Legacy Makers’ Stories

Rachel Kuipers and Julia Kuipers - Christie

legacy makers stories YWCAAs we celebrate our 150th anniversary we look back at the achievements of hundreds of leaders, volunteers and staff who have made possible the work of YWCAs across Canada.

 

Last year we had the honour of receiving not only a generous legacy gift from one of our long-standing supporters, more importantly with this gift we were giving the opportunity to connect with her family and learn so much about the incredible legacy of love, commitment and leadership that Shirley Kuipers left through her daughters.

 

Thank you to Julia Kuipers-Christie and Rachel Kuipers for their generosity to share some of their life stories with us and we hope that their reminiscence of their mother as part of the YWCA Movement inspires you and ignites in you the desire to connect with us.

 

Please share your stories, tell us how the YWCA has made an impact on you and your community.

 

Remembering Shirley Kuipers.

 

Growing up in Nova Scotia, my sister Rachel and I can’t remember a time when we were not aware of the YWCA and the huge part it played in our mother’s life. We referred to it as the “Y”.

 

Our mother, Shirley Ruth (Martin) Kuipers, had been involved with the “Y” since the late ‘30s.  She had moved from the Eastern Shore of Nova Scotia to Halifax as a teenager to attend high school. She joined the “Y” because friends and relatives in Halifax urged her to, and because she was very social, she thought it was a great way to meet new friends.

 

Her father (a sea captain and master mariner) and her mother were very involved in and with community affairs and volunteering for a good cause was expected of everyone in the family. Mom became part of the “Y” family in Halifax and led groups of teenagers in social activities, as well as helping the less fortunate in Halifax through fundraisers, concerts and theatrical performances to raise money.

 

During the war years, times were hard for many in Nova Scotia and Mom and her “Y” companions were hard-pressed to generate funds and resources for the war widows and wives who were struggling to sustain their children and to provide for their families, while husbands were abroad fighting.

 

Once she married our dad and had my sister Rachel and me, her involvement with the “Y” continued as she became a member of the Board of Directors and travelled across Canada to the various annual meetings and conferences.

 

I can remember as a small child, Mom flying to one of the national conferences in Ontario and making arrangements for the care of my baby sister Rachel – and our dad — during her absence. Mom was never paid for her work with the YWCA – but she didn’t expect to be.

 

She loved being a part of such a vibrant community that was helping other women and girls access programs, services and a community of supports.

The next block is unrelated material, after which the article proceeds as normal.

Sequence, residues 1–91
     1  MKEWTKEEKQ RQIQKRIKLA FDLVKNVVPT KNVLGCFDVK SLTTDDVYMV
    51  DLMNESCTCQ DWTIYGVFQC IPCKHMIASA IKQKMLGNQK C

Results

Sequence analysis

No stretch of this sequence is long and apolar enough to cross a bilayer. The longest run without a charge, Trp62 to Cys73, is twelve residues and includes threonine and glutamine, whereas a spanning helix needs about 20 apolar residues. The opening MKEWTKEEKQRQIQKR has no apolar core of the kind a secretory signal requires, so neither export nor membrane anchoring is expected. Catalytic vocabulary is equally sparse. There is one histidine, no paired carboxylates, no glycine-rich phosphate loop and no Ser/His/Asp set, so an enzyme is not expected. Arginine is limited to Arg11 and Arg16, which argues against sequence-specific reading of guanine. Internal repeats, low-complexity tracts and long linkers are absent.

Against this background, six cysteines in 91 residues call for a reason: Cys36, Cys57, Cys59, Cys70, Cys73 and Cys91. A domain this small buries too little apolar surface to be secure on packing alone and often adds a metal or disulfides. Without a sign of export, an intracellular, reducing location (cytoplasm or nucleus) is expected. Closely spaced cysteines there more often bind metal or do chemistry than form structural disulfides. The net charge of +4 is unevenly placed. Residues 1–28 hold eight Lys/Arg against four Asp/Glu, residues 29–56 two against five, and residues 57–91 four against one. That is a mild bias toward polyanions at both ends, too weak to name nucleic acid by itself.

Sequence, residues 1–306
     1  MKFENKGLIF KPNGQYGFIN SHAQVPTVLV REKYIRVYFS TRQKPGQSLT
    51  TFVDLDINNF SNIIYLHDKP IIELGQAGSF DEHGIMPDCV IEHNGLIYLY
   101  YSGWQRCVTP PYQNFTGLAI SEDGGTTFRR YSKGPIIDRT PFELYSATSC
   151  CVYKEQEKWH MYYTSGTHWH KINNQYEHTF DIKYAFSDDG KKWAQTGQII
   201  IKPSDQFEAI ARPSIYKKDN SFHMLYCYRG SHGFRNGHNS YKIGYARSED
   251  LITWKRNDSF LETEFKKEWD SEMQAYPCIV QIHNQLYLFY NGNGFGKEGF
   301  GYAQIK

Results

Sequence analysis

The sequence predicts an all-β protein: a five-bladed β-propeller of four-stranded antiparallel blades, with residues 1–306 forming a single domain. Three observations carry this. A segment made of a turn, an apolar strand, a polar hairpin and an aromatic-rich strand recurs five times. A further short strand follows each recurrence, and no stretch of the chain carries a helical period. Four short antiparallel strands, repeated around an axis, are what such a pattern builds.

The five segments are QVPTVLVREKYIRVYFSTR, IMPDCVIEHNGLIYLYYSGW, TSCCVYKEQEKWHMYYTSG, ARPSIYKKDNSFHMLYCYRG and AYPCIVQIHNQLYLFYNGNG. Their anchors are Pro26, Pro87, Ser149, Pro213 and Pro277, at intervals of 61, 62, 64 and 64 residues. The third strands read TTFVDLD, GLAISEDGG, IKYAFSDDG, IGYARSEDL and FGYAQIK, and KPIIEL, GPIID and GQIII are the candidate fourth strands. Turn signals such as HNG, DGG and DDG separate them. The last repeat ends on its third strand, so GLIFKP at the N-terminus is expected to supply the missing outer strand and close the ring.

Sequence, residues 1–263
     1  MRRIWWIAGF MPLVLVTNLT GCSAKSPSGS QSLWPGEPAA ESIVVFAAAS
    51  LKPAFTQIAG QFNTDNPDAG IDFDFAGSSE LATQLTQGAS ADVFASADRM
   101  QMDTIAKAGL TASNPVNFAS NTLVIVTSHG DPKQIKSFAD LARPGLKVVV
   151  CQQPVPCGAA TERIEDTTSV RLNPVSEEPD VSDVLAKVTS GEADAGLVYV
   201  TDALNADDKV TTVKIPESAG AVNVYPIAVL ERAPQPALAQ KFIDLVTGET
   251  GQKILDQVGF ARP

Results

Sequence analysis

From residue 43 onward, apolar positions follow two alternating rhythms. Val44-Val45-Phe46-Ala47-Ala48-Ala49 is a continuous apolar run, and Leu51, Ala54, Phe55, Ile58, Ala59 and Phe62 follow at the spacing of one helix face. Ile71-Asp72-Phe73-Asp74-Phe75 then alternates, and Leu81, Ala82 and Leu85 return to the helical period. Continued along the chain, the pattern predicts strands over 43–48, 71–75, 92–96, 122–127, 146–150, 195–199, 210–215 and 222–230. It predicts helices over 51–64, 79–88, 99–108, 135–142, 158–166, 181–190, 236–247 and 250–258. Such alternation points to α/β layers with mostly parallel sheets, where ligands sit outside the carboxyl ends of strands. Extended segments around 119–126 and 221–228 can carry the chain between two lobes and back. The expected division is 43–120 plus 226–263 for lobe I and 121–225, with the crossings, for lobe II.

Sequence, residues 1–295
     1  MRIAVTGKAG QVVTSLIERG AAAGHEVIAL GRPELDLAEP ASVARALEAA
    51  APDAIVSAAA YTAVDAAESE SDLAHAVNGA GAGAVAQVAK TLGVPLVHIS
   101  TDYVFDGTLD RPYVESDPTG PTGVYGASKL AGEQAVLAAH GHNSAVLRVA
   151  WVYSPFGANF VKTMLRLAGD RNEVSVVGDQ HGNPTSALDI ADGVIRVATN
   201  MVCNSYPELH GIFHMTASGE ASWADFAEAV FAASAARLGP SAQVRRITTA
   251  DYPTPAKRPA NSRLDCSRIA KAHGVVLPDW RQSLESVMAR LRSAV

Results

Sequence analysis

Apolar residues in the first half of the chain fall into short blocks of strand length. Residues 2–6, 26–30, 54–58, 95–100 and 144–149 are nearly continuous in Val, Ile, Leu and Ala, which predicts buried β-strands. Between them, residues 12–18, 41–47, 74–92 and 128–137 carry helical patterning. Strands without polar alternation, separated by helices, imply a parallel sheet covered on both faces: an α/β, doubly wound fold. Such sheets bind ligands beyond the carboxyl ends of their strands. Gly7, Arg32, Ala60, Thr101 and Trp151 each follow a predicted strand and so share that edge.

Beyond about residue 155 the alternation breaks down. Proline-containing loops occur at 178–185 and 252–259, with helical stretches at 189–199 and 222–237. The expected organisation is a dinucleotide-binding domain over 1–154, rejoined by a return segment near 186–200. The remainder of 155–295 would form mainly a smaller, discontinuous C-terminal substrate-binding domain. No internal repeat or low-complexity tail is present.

We always said that if Mom had turned her considerable energies to having a career, she would have been CEO of a big company. But she chose instead to raise a family and channel her time and energy into good causes.

 

She always said that she met her best friends during her years at the Y – women who stayed lifelong friends long after her Y days ended.

 

My sister Rachel has her own memories of Mom, as I left Nova Scotia in my early 20s to live in Ontario when she remembers mum she mentions: “Mom decided to go to Saint Mary’s University in Halifax to pursue her BA when she was in her sixties. Mom wrote papers on women getting the vote and other feminist movements out west.” Perhaps her passion for supporting girls and women was written into her papers. “I remember Mom practicing for hours on a speech she was giving at one of the Y Board meetings.  She even recorded her speech on the old tape recorder — I guess to hear how she sounded. When Mom did something, she gave it 110 percent!”

 

Mom was not one to vocalize her feelings about helping others – she was brought up to consider that was a necessary component to a full and happy life.

 

She lived to the grand old age of 96 and we were not surprised upon reading her will that she had left a bequest to the YWCA – to continue with the good works that she had witnessed and engineered throughout her long life.

 

Having the chance to reminisce about Mom and the Y brings back such wonderful memories for Rachel and me.

 

Thank you for giving us the opportunity to remember Mom and those happy days.

 

Rachel Kuipers and Julia Kuipers-Christie

 

Planned gifts are important to YWCA Canada as they provide a reliable, steady flow of income that allows us to make multi-year plans and investment in projects that will support the women reaching out to our network of YWCAs across the country.